MINNEAPOLIS, Minn. — As the saying goes, “it’s not where you start, it’s where you finish.” That’s a good thing for top-seeded Minnesota where the NCAA Tournament is concerned.
The Gophers (34-2-2) continued their pattern of allowing the first goal, before scoring the rest in a 6-1 defeat of the Friars (21-11-5), who were making their first NCAA appearance.
“My fifth [NCAA] game since I’ve been here, I’ve been down 1-0 every time,” said Krissy Wendell.
Wendell and Natalie Darwitz contributed three assists apiece to make the early deficit a footnote, rather than the whole story. Kelly Stephens and Bobbi Ross each found the net twice. Minnesota spread its points among ten skaters.
The Gophers’ third line supplied the most important goal of the night to tie the game 1-1 at the 13:10 mark. Defenseman Ashley Albrecht found Becky Wacker at the Providence blue line with a homerun pass. Wacker went in alone and slid a shot through the five hole of Friar goalie Amy Thomas.
“I thought [Albrecht] had great patience, and waited ’til Wacker went, and just threaded the needle,” said Minnesota coach Laura Halldorson. “I thought it was a tremendous pass, and Wack buried the puck.”
As often happens for the Gophers, one goal quickly leads to another. While on the power play 95 seconds later, Wendell carried to the slot and slid the puck across to Stephens, who found an opening high in the net. Minnesota took the 2-1 lead into the first intermission.
Erica McKenzie and Stephens added goals in the first five minutes of the second period to put the game out of reach.
Providence was unable to generate any sustained pressure on Jody Horak. The Friars had only 15 shots for the game, and just three in each of the last two periods.
“When we did get it in deep, they were able to turn up quickly, so we weren’t really able to get a solid forecheck in on them,” said Friar senior Rush Zimmerman. “We knew that was going to happen, we knew we had to get on them hard. I think because of the quickness and their ability to move the puck, we weren’t able to set up and get a good check on them.”
Early in the game, Providence took a step toward pulling the biggest upset in the brief history of the women’s NCAA tournament. Katelynn Laffin converted a rebound 4:42 into the game during the first power play to give the Friars a boost.
“It was exactly what we needed,” Laffin said. “We came into this game, not just happy to be here, but excited. We wanted to play Minnesota. When we got that first goal, it just gave us more motive to go out there and give it all we had.”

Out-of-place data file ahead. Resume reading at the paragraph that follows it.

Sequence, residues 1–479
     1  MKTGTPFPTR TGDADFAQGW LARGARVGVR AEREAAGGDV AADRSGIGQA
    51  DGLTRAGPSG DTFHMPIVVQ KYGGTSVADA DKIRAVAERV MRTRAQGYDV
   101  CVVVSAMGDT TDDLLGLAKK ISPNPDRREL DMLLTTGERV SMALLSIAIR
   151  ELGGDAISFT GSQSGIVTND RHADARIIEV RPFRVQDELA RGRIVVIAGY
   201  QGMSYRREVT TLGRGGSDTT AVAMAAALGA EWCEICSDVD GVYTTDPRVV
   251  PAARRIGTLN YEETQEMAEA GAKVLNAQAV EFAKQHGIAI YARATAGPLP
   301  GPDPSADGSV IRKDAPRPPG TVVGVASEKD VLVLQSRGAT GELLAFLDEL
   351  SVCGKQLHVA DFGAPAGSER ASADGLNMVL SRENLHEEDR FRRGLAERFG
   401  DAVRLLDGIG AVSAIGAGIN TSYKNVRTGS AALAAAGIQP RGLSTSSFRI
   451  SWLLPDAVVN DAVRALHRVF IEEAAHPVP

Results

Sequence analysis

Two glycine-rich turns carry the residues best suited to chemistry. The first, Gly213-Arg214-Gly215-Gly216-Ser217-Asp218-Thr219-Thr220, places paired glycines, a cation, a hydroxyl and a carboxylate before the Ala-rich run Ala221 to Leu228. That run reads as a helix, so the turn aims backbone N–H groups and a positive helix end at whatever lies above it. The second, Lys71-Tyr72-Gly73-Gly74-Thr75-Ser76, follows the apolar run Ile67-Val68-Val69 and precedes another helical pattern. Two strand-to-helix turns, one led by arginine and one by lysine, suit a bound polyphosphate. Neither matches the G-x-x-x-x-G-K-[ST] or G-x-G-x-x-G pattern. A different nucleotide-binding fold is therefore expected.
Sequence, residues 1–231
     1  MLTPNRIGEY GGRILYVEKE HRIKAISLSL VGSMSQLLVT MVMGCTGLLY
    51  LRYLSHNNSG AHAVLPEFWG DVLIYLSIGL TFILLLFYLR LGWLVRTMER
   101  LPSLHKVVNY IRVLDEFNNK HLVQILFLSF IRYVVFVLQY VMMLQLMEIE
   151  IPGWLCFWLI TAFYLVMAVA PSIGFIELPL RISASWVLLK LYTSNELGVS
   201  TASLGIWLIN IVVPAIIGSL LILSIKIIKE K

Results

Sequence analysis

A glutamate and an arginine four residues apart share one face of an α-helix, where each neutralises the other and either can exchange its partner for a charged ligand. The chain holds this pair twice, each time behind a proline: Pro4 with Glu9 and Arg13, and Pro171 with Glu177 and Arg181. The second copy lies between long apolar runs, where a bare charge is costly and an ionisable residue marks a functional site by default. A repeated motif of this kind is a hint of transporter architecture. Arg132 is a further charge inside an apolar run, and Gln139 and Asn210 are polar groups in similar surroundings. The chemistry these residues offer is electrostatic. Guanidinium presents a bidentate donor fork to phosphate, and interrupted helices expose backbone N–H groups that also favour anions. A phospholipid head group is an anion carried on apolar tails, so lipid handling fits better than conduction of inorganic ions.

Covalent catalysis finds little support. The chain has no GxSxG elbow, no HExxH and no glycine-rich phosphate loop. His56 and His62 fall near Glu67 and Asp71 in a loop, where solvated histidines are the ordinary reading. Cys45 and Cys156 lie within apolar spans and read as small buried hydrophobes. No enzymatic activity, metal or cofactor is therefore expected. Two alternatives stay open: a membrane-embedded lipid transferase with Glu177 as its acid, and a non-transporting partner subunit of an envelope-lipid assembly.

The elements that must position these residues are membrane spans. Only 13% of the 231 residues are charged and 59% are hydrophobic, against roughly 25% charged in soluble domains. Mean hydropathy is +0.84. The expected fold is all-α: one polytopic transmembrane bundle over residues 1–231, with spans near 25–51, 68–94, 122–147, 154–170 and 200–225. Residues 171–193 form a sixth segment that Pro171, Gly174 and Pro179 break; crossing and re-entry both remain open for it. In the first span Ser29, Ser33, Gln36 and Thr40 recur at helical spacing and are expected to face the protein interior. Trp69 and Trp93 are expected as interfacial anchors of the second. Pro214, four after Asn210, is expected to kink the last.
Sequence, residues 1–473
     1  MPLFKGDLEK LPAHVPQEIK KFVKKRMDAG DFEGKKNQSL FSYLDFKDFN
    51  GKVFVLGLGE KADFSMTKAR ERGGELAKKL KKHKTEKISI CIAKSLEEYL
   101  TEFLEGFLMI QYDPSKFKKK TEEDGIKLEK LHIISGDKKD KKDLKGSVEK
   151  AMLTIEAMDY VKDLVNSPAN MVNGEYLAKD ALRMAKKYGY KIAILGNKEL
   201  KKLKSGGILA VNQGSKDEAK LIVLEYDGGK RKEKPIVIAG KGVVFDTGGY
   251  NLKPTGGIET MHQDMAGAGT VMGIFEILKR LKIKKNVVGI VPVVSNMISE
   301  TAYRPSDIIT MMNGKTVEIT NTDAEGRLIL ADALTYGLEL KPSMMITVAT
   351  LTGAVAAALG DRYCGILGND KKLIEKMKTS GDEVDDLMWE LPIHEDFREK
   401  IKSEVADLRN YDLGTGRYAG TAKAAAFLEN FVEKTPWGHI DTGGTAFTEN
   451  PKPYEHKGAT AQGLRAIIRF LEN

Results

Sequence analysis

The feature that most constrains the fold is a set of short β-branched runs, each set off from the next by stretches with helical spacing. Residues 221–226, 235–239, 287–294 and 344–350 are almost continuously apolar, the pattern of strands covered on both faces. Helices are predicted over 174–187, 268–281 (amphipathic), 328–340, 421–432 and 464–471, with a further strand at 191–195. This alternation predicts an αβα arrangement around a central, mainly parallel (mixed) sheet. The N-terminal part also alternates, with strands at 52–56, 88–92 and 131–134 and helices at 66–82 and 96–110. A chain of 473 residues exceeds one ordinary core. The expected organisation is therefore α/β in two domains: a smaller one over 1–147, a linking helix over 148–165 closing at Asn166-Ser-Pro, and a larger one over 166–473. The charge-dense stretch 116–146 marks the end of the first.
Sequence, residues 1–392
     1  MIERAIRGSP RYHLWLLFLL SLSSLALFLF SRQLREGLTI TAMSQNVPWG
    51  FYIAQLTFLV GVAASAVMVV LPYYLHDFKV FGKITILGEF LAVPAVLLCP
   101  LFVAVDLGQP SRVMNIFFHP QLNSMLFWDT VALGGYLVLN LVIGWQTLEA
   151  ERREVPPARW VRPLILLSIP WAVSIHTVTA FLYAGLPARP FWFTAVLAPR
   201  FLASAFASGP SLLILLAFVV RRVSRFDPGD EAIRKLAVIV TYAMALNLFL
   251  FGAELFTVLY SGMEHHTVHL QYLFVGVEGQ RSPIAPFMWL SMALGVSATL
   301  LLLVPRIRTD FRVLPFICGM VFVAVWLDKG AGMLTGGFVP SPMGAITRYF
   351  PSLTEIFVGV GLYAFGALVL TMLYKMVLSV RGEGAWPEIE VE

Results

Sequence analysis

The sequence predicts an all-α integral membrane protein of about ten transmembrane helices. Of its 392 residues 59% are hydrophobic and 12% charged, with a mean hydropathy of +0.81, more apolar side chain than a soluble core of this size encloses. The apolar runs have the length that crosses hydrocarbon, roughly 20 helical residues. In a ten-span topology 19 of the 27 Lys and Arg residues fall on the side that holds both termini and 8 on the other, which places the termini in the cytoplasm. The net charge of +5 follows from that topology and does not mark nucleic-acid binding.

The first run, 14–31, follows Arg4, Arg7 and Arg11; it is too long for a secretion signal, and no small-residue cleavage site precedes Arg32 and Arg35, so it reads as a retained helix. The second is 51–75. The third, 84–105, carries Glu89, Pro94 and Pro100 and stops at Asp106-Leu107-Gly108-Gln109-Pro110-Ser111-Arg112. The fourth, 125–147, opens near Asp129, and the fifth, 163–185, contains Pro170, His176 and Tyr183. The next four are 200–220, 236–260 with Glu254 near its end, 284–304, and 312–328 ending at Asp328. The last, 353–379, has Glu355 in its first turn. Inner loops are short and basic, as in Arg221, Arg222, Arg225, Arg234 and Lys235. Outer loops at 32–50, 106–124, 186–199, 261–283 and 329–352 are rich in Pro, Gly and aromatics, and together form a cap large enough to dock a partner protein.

As the game progressed, the reality of Minnesota’s talent became apparent as the adrenaline faded.
“Right after we got the goal, we realized, all right, we got the lead, we have to keep that up for however many more minutes are left in the game,” Zimmerman said. “It’s tough to do against the No. 1 ranked team in the country.”
“The thing that happened to us today, we wanted to play disciplined, kind of slow it down type of game, and we got caught up in their run-and-gun style,” said Providence coach Bob Deraney. “I’m glad we scored the first goal, but I think that helped us get away from our game, because all of a sudden we started running around.”
Halldorson thought her blue line corps’ breakout passes were key to the Gophers’ execution.
“I thought they did a nice job of breaking us out of our own zone, especially Ashley and Chelsey, they skated it out, made nice passes,” Halldorson said. “I thought the decisions that our D made were great tonight, and that really allowed us to get the puck to the forwards and do our work down at the other end.”
And each of the top three forward lines put one of those pucks in the net by the end.
“You need all the lines going in a big game,” Stephens said. “I think it was great that a lot of people contributed tonight, and that’s what we want, going against these top teams. It’s a team sport. People step up in a big game, and that’s great, that’s what we’re looking for. The game’s not one line.”
As each Gopher line maintained a rapid pace, Zimmerman recognized why Minnesota has held the top ranking all season.
“In our league, Hockey East, we’re used to that amount of speed in spurts,” she said. “But the ability to keep it up for 60 minutes is a completely different story. I think Minnesota has been able to do that, which is why they’re able to put teams away.”